The Department also must take advantage of the opportunity to apply commercial technology and products to enhance our military capability and lower the life cycle costs of our weapon systems. Commercial investment in R&D now easily surpasses that of the DoD, by a margin of two to one. This large commercial investment in R&D means that the commercial sector is the driving force behind much of the technological innovation in the US today. The Department’s S&T program must leverage this technological innovation for the benefit of military capability.
The Dual-Use Applications Program (DUAP) mission is to develop, test, and then transfer to the Services new approaches to leveraging the commercial sector’s research, technology, products, and processes for DoD’s benefit. We have two primary goals. One, DUAP will increase leveraging of the commercial sector across the acquisition spectrum. Two, and as important, DUAP must institutionalize these new dual-use approach in the Services. We want to move dual use and leveraging from concepts centered in the Office of the Secretary of Defense to ones centered in the Services. We must make these new ways of doing business the normal way of doing business.
More specifically, this year the DUAP consists of two initiatives; the Science and Technology Initiative and the Commercial Operations and Support Savings Initiative (COSSI). The DUAP FY 1997 budget is divided between these two Initiatives — $85 million for the Science and Technology Initiative and $100 million for the COSSI. Both of these programs are underway and include cost sharing with industry. A brief description of each follows.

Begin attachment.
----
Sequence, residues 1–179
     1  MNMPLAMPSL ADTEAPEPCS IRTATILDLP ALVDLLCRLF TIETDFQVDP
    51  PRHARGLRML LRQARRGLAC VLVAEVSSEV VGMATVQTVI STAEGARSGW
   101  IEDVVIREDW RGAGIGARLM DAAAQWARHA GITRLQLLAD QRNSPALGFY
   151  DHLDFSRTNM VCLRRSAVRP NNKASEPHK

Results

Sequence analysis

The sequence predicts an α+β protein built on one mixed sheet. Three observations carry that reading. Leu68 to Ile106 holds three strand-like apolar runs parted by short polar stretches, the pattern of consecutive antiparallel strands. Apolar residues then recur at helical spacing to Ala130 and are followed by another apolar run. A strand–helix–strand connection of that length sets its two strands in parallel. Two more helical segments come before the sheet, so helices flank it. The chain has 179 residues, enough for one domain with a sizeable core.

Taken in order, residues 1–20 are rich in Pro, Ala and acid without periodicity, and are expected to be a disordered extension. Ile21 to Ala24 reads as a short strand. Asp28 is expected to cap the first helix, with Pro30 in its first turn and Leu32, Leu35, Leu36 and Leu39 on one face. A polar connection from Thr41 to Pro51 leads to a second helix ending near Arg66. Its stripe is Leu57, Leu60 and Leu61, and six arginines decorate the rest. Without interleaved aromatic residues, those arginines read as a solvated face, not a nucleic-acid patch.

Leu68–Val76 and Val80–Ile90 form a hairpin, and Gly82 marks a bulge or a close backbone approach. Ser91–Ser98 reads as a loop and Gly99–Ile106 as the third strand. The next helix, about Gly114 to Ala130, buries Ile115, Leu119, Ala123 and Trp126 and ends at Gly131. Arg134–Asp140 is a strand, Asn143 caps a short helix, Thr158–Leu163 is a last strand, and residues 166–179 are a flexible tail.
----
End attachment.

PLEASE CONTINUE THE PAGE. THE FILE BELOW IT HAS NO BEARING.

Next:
Science & Technology Initiative
As previously discussed, the Department of Defense must increase the use of commercial technology to reduce the costs and increase the capabilities of our defense systems. One way to do this is to join with industry in the development of dual use technologies. The Science and Technology Initiative will facilitate this joint development by taking the lessons learned during our earlier dual-use efforts and initiating a dual-use technology development program in the Services. This will be done through: